I was born in Tashkent, Uzbekistan, the country my family fled to during the II-WW. It was a safe haven for Jews at that time. We left when I was 3 and I never went back there until May 2017. I heard many stories, finally, after 43 years, I have revisited the city I was born.
On this trip I took my X-T1, with my go to lens, 16-55 f/2.8, and the older 35mm f/1.4. This is all I had with me!
Tashkent is such a colourful place, very clean, friendly people, known for their hospitality and last but not least, the food, ohhhhh the food … it is simply divine.
Uzbekistan (like any …-stan) is a Moslem country – but Uzbekistan is different! People are dressed in colourful clothes, no head scarfs, no bearded men, no praying in the streets and no “calling for prayers” from the Mosques. It was a real pleasure to interact with local people, all of them were friendly, always smiling regardless men or women. The city is safe for a woman to roam around freely, yet it is advised for foreigners to have a local guide, as the locals rarely speak English and public transportation is quite a challenge.
I have travelled a lot, and as a photographer, one is cautious in a new place. It took me by complete surprise; people love their photos to be taken. They are even honoured. As soon as they noticed the camera pointing at them, they started posing, and even coming up to me asking for a selfie with me. Quite a change from what I am used in Europe, where I usually try to stay unnoticed on street shoots. People were thanking me and shaking my hand for taking their photos. What a wonderful feeling.
Every visitor should go to a local market! It is such a delightful experience! Unlike most markets around the world I have been, where vendors are chasing tourist, shouting to promote their produce and all one remembers is a big hassle. In Tashkent what first amazed me is how implacably clean it was. Vendors are polite and offer you with a smile tastings of their produce at each stand! I mean each stand!! By the time you finish your market walk, you have tasted way over 2 kg of fruits, nuts and other goodies. You can easily skip lunch and maybe even dinner…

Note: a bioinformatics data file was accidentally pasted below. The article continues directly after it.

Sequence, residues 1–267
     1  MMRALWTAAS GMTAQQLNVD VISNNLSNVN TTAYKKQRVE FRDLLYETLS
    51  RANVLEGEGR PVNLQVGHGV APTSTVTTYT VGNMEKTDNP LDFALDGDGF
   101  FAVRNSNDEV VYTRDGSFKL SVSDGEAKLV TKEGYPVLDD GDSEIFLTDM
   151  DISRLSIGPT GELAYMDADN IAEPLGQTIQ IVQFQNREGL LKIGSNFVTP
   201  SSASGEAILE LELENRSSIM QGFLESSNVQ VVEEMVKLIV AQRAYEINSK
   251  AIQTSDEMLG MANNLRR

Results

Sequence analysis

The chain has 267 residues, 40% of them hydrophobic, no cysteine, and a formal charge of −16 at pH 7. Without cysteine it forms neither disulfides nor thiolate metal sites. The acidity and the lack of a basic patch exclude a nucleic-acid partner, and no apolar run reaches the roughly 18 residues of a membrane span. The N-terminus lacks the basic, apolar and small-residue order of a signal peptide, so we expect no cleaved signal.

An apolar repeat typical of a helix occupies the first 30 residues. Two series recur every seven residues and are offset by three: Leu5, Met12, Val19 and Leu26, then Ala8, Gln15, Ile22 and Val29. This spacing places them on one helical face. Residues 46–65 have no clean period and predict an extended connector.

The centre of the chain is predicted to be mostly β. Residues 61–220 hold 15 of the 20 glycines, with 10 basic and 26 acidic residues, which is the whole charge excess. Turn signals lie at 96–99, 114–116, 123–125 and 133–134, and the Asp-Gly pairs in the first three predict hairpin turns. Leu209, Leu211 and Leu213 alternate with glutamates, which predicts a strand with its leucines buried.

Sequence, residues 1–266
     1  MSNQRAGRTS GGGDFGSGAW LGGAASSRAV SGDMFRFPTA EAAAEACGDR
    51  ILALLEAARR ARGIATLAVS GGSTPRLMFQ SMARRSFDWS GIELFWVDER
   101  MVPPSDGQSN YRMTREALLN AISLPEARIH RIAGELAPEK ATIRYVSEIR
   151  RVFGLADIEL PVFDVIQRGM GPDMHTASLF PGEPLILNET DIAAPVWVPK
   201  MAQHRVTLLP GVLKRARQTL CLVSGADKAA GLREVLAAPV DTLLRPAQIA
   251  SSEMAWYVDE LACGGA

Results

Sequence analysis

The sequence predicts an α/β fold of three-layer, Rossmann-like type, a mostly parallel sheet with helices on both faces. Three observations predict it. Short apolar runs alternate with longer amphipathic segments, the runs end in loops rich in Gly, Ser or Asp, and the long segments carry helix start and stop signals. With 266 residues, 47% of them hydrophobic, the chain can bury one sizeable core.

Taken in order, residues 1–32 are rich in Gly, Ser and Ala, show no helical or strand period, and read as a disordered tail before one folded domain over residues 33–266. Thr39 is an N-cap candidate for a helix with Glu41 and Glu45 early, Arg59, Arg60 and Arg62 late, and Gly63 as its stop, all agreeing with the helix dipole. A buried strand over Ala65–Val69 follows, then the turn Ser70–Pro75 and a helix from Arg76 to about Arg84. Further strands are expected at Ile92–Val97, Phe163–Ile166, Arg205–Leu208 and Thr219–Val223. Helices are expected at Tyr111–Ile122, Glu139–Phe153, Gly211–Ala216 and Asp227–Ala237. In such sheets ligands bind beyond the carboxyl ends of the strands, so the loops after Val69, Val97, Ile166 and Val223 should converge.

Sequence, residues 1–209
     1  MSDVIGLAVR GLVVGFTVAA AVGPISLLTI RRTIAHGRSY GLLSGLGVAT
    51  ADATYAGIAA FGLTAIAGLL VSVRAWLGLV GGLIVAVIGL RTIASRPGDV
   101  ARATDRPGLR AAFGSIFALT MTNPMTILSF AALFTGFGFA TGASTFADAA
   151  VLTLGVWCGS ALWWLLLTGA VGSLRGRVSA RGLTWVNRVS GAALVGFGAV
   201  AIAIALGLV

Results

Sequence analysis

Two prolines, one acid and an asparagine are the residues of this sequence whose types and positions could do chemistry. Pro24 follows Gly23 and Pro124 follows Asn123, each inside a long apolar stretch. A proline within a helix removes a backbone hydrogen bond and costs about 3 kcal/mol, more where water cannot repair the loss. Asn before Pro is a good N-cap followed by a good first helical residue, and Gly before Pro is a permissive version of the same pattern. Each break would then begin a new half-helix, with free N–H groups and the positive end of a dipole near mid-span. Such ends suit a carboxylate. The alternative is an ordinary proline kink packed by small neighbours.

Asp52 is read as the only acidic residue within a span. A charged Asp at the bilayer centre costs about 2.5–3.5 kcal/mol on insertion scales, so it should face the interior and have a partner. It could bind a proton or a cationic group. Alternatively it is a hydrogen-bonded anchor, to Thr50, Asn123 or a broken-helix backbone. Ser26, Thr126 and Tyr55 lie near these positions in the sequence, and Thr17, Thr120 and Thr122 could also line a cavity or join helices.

Due to their good climate, the fruits and vegetables are delicious, full of juice and scent. You take a bite and the juice is dripping down your chin.
FOOD is a big thing in Uzbekistan… seems one is eating all the time…whereever you go … you eat …and a lot!
The next day we arrived in Samarkand by high-speed train, 2,5 hrs from Tashkent. To get into the train you must pass the same security measures as in any modern airport. Present your passport, screen your bags, get frisked if unlucky…. etc.
As we arrived in Samarkand, we were told that it was a national holiday “protection of children”. Children were dressed up in their national clothes, performing and dancing. The children were proudly showing off their many talents.
I just loved the children, they were all natural posers. In the rare case, they didn’t feel like posing, they were immediately told by the parents to pose for me. Aren’t they adorable!!! They were so cute and friendly, smiling whenever I pointed the camera at them, all so natural.
Sadly we could only spend 7 hours in Samarkand. Obviously not enough to explore all its beauty, nor hidden treasures. I would love to come back. In Samarkand, all people wore national colourful clothing, whereas in Tashkent people were dressed more like Europeans. People from all over Uzbekistan come to visit these places of worship; some can only afford to come once in their lives.